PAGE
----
BETWEEN a rock and hard place is where the Nelson Chamisa-led Citizens Coalition for Change (CCC) is after the High Court dealt the opposition party a body blow ahead of next month’s by-elections.
High Court judge Justice Munamato Mutevedzi ruled that anyone could recall CCC legislators from Parliament in a major victory for self-proclaimed CCC interim secretary-general Sengezo Tshabangu.
The 14 legislators recalled by Tshabangu had approached the court seeking relief as turbulence hits the opposition formation.
The landmark ruling could embolden Tshabangu to recall more lawmakers, thus creating panic in the opposition formation.
The ruling alone makes him shoo-in to receive the windfall from government under the Political Parties (Finance) Act.
It would be the second time that Chamisa toiled for nothing after losing the windfall following the 2018 elections.
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Critics say the turbulence was inevitable in a party without structures and a constitution and where power is concentrated in one man.
As the party introspects, it is clear it failed to jealously guard its victory in the August 23 and 24 elections.
As soul-searching begins, the party must look itself in the mirror and see whether it put its all into guarding its victory from predators.
For neutrals, there are some questions that need answers.
How can a party full of lawyers fail to shield itself and safeguard its victory from predators?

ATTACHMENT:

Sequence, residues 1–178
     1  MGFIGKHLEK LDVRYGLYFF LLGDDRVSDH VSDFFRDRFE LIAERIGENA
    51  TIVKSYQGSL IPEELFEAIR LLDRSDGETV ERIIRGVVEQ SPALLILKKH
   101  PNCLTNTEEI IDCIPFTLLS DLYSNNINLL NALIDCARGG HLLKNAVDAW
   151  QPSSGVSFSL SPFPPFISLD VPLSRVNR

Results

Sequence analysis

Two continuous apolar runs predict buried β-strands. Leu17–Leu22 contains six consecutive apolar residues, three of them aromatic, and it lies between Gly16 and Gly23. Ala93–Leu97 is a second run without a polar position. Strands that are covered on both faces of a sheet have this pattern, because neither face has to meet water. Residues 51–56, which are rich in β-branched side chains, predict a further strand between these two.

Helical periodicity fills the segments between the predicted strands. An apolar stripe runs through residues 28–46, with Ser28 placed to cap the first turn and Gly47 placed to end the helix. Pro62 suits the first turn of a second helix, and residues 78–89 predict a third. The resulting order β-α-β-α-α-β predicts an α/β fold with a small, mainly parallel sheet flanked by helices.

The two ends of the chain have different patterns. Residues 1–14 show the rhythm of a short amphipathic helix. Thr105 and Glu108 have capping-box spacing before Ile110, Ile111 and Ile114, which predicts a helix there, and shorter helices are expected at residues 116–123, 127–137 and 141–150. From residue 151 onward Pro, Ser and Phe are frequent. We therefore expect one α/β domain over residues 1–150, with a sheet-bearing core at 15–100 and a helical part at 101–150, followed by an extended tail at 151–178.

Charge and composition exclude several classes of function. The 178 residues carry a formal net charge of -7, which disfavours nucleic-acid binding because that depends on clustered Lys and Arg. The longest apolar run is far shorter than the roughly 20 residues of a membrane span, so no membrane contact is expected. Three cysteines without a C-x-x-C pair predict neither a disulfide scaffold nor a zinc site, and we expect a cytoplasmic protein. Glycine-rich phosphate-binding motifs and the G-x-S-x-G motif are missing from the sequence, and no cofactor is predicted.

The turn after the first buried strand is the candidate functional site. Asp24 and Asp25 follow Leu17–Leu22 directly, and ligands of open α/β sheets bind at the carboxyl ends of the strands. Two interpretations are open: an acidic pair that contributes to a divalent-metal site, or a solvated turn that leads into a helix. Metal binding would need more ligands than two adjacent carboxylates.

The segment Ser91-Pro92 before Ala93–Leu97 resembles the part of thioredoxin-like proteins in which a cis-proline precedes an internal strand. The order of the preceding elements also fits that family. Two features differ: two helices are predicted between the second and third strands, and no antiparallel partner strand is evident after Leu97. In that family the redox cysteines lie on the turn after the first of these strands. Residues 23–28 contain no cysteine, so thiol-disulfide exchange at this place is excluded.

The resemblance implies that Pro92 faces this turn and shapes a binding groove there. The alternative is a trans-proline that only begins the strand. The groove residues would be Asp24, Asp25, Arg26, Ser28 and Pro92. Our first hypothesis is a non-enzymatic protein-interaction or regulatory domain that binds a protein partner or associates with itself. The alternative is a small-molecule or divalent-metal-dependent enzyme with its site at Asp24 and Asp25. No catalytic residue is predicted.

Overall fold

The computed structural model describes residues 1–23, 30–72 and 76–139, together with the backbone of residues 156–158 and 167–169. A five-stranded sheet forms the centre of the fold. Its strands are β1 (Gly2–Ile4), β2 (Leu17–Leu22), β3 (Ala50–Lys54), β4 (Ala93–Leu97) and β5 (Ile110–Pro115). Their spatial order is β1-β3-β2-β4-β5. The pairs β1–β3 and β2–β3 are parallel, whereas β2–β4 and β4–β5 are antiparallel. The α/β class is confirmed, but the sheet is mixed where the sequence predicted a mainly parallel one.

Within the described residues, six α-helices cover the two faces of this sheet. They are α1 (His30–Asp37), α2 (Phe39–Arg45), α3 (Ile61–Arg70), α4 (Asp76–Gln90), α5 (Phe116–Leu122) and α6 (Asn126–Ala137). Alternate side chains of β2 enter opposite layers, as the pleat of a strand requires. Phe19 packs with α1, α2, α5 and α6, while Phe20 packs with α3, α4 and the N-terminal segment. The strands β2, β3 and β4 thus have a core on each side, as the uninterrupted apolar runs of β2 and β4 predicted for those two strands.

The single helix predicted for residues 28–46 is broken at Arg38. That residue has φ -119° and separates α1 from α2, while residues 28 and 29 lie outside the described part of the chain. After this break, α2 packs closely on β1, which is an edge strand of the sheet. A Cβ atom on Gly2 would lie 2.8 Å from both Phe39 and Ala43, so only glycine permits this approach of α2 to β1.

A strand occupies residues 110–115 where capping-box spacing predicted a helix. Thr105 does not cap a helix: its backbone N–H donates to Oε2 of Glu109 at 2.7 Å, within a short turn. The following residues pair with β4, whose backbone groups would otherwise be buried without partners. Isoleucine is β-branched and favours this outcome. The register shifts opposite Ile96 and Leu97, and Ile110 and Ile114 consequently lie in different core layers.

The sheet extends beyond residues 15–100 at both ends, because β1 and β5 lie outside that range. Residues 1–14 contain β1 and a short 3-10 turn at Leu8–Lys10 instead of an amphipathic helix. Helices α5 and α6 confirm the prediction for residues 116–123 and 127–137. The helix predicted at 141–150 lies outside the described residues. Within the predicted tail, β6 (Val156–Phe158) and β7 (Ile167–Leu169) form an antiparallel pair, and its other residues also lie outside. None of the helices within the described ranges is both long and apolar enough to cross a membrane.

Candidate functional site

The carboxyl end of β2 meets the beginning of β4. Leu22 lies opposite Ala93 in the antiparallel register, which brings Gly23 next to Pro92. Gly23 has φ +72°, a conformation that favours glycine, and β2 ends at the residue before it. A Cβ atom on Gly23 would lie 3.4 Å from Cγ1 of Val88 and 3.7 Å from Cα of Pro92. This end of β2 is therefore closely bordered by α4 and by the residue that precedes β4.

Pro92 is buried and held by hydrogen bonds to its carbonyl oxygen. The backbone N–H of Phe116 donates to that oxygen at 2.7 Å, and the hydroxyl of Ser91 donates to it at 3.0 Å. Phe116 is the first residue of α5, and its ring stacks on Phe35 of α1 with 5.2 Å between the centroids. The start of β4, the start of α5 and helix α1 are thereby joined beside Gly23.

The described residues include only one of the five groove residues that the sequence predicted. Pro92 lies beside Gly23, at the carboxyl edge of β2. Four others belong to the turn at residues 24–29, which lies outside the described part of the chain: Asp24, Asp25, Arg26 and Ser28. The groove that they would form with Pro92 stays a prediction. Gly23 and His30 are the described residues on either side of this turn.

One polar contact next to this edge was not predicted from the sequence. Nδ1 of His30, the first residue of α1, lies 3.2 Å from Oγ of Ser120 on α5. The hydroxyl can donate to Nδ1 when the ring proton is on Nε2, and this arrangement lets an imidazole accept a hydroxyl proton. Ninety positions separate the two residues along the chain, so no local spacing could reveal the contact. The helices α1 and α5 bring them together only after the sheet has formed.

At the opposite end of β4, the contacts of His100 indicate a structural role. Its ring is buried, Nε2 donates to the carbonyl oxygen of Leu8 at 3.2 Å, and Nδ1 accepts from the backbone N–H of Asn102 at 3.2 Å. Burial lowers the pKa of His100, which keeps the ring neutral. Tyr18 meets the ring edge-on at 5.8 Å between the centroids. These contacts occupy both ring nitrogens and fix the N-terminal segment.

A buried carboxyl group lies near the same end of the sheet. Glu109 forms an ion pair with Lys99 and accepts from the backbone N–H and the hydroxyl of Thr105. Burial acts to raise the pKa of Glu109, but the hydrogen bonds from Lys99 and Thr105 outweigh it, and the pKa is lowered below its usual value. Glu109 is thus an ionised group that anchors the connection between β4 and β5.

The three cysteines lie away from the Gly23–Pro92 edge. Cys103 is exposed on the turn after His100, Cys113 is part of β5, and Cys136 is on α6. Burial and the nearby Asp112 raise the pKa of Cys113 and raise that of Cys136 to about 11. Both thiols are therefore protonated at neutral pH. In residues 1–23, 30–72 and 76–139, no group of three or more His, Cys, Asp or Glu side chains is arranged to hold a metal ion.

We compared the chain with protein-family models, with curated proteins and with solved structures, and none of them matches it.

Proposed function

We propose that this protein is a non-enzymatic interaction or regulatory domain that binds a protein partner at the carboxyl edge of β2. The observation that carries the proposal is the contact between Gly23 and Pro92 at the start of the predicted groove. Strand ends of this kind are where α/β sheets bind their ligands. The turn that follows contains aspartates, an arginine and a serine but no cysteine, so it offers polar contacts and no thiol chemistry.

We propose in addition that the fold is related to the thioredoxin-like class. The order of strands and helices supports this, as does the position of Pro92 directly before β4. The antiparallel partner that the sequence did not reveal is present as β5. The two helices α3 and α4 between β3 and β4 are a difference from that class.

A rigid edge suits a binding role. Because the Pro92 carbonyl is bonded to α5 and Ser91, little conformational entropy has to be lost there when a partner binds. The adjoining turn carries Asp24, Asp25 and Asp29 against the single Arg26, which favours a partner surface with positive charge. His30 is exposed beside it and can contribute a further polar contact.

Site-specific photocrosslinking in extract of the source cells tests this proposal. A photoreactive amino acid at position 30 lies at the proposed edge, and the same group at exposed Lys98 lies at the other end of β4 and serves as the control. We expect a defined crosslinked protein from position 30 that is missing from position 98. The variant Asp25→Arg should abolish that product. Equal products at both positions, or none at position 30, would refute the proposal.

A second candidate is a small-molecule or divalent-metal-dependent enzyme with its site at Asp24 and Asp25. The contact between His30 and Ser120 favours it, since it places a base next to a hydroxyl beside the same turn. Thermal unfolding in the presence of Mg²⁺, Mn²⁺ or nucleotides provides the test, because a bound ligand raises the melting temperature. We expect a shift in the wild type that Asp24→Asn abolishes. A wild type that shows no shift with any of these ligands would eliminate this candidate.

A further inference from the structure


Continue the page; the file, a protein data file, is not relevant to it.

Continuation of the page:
Did the party not see this coming, especially, after the disputed primary elections in which a Stone Age selection process was used?
If the party knew that Zanu PF wanted a two-thirds majority, what measures did it put in place to avoid handing the ruling party that advantage on a silver platter?
These are the questions the CCC must answer as the spectre of more recalls looms.
The CCC must act fast before it is decimated by the recalls.
For party leader Chamisa, he must show leadership, take the blame, and declare that the sad episode will not recur.
He cannot continue blaming imaginary plotters.
The Nomination Court sits tomorrow ahead of the by-elections on December 9.
Will CCC field candidates in the by-election?
If so, will their papers be acceptable, especially after Tshabangu wrote to the Zimbabwe Electoral Commission advising that there are only three signatories and Chamisa was not among them.
Another option is to form a new party that will contest the by-elections and then allow those that remain in CCC to resign and trigger another by-election.
The party can also pull out of Parliament and local authorities. All these options require cost benefit analyses.
The millions of CCC supporters that invested emotionally in the party are looking up to the leadership for direction with time running out.
They want solutions and not being bombarded with Bible verses.